“We have data!” Elizabeth Agee calls to her advisor. Mopping her brow with a powder-blue shirt sleeve, she beams at the laptop propped on a plastic step stool in the thick of the Amazon rainforest.
Today is triage—inspecting and repairing the network of sap flow sensors she and U-M civil and environmental engineering professor Valeriy Ivanov have deployed in a research forest about 20 miles from the small Brazilian port town of Santarem.
The sensors, which Agee built herself, provide a continuous log of how much water is flowing through a given tree. When their data is matched with other variables like rainfall and light levels, they can show how different species manage water in response to changing conditions. Part of a three-year project funded by the National Science Foundation, the sensors will ultimately help researchers understand how the Amazon will respond as the Earth’s climate changes in the years ahead.
Keeping the system running in the Amazon’s hot, humid crush of life is a constant challenge. But it’s one that Agee, a civil and environmental engineering PhD candidate, has taken to heart. Having travelled here four times over the past three years on a series of projects, she has designed and installed a network of sensors that show, minute by minute, how much liquid is flowing through a given tree. The project’s aim is to show the world just how important the Amazon is and help policymakers do a better job of protecting it.
“Forests are a very underappreciated part of our world,” she said. “They cool the environment, they absorb a lot of the carbon dioxide that we pump into the air, they provide timber. I’ve become really passionate about how these environments are going to change and what we can do to prepare for that.”
Hazy orange sunlight spikes through the velvety tangle of greenery and thumb-size flies buzz by as Agee replaces the data card in the sensor and drives in the four screws that seal its waterproof enclosure. Then, with her laptop in tow and a yellow power screwdriver holstered to her hip, she trudges through the underbrush to the next tree.
It’s a life that, even a few years ago, she would have never imagined for herself. A mother and first-generation college student, Agee took a long path through her undergraduate career, finishing her physics degree over several years while supporting herself and her son with a series of retail jobs. Continuing her education beyond a bachelor’s degree was not on her list of possibilities.
“[Grad school] didn’t exist in my universe,” she said. “As a first-gen college student, getting my undergrad was a big deal. It was like ‘why would you go do more?’”
[Grad school] didn’t exist in my universe. As a first-gen college student, getting my undergrad was a big deal.Elizabeth Agee, civil and environmental engineering PhD candidate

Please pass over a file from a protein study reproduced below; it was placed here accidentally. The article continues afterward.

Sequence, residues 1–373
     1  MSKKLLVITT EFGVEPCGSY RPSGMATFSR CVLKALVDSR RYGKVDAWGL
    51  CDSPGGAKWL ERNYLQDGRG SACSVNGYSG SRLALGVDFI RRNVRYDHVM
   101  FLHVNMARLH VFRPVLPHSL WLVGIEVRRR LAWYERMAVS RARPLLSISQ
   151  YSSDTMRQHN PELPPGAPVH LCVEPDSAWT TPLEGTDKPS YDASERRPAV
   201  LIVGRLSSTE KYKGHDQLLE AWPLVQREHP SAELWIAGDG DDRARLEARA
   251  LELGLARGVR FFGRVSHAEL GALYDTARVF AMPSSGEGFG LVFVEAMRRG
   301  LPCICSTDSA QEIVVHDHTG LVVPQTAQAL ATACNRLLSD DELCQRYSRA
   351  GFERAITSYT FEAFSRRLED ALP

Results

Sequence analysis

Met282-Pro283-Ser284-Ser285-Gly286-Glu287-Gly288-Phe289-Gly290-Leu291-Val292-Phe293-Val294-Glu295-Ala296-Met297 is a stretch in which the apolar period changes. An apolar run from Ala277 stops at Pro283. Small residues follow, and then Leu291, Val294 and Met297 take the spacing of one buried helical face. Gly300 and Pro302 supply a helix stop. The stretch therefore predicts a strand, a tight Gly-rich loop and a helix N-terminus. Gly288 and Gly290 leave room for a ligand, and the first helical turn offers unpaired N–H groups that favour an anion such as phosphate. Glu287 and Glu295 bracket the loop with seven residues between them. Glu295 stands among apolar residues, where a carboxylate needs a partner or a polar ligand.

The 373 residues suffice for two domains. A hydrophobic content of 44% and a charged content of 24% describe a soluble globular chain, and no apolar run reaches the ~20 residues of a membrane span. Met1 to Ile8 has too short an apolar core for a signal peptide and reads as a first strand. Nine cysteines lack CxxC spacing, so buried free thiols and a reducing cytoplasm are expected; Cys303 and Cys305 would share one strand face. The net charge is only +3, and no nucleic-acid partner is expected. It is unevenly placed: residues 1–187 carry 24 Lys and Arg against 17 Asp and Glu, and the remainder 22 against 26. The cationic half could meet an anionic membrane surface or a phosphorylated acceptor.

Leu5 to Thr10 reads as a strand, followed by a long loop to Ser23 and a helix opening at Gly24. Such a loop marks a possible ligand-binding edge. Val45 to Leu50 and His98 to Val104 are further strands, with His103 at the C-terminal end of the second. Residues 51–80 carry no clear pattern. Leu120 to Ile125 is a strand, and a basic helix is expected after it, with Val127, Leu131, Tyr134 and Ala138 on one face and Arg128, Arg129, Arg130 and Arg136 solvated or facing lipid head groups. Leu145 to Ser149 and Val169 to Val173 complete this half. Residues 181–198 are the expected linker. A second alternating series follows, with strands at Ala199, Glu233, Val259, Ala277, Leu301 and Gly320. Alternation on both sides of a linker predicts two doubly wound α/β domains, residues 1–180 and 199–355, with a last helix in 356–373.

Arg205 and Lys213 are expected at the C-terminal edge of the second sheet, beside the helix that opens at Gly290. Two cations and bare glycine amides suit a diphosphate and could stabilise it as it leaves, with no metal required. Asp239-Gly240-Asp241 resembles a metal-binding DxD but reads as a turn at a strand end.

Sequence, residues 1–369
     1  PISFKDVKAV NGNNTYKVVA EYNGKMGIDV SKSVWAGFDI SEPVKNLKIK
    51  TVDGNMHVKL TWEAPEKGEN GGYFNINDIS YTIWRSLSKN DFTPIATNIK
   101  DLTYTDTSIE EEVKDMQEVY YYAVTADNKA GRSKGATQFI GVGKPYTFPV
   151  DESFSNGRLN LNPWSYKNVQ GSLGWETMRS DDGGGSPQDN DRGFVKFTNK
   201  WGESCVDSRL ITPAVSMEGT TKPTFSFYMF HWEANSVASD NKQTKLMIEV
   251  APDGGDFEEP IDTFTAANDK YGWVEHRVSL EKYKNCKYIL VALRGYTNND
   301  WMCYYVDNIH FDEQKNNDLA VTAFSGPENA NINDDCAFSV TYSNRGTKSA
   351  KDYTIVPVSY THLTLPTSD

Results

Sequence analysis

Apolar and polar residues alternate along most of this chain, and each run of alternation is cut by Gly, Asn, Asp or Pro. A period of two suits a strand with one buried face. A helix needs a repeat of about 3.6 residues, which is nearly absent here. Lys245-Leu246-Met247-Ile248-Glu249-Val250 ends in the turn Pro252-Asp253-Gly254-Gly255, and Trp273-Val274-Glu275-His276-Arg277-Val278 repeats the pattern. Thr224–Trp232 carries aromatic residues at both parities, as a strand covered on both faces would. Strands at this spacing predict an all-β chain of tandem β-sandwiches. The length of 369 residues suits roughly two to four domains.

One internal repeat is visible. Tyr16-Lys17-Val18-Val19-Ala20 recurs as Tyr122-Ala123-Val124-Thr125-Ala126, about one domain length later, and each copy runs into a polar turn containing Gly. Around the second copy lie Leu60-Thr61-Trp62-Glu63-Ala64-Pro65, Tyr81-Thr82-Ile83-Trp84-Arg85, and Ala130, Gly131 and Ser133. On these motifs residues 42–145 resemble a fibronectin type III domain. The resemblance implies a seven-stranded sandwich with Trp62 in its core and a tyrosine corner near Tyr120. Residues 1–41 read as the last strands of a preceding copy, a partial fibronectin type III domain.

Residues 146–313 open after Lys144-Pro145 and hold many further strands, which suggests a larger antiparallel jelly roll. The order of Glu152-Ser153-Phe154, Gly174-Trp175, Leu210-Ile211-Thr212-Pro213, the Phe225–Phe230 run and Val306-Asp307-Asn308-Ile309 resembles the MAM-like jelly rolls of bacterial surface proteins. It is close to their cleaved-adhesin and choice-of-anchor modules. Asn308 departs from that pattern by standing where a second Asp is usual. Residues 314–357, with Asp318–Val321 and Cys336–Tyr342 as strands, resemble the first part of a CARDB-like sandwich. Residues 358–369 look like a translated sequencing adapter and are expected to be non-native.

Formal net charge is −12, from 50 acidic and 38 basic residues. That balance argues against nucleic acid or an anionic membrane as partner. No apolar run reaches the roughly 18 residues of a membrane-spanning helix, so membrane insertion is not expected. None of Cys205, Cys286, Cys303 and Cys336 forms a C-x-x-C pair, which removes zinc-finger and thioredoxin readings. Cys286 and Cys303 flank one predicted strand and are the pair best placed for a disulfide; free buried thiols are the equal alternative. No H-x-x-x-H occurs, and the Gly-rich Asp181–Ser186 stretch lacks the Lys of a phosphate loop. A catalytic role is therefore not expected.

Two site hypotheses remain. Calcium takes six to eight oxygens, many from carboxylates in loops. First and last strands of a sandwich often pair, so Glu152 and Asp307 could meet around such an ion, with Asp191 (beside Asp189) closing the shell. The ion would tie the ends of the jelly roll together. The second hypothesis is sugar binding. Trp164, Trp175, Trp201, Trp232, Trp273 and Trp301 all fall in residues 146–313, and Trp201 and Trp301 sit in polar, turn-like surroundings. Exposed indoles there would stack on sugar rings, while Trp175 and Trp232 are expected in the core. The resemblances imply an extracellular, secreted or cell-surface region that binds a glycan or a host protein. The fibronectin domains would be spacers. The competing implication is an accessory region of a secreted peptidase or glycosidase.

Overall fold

But Agee loved the research she’d done at Purdue University Indianapolis with engineering professor Meghna Babbar-Sebens and was hungry for more.
“I took this course in hydrogeology, which is looking at groundwater, and I really loved the material. We were applying physics to something that affects everyone. I thought ‘this is really cool, I want to do this.’”
All it took were five words from her professor to show her the path: “Have you considered grad school?”
“When she said it—just the simple act of verbalizing it—I could suddenly imagine myself in that role,” she said. “It seems so small, just one phrase, but it totally changed my life.”
She began participating in programs like the McNair Program, which helps first-generation college students navigate the process of applying to and preparing for graduate school. She learned about Ivanov’s research and ultimately ran into him at a conference. It was his research that convinced her that U-M was the place for her—as well as the resources U-M provides for students on a non-traditional path.
“Michigan has a lot of resources for students with families,” she said. “They have childcare subsidy grants that you can take advantage of, they have different resources they’ve made available and they keep improving upon them. The fact that they had thought through those things was one of the reasons why I wanted to come here.”
Picking her way through the Amazon, just a few months away from finishing her degree, she’s still amazed by how a few words from her professor changed her life.
“Five years ago, I thought ‘if I could just finish my degree and find a job, it would be amazing.’ I would have lived in Indianapolis and raised my family and it would have been fine. But now I’ve been here, I’ve been to the Amazon rainforest and done really exciting research. If I can continue to do that, to do work that’s making an impact on the world, I’ll be very happy.”
Now a mentor herself, Agee works to show others the same sense of possibility that sparked her graduate career. She regularly speaks at her childrens’ schools and does mentoring work in and around Ann Arbor.
“I really believe that representation matters and it’s going to help the next generation of women like my daughter. Like if she wants to pursue that then that door is open for her,” she said. “And my son sees it too—that, ‘okay, it’s not just white men who are engineers, my mom’s an engineer’. That matters.”
After she graduates, Agee plans to go to work at the Oak Ridge National Laboratory, where she can continue doing world-changing hydrology research while staying close to her Indiana roots. She’s confident that the knowledge and experience she’s gained at Michigan and in the Amazon will serve her well.
“There are different kinds of success. Brazil has taught me that,” she said. “You can take a crooked path, but a lot of times that opens up a new opportunity. You just have to open your mind to the idea that you can make an impact.”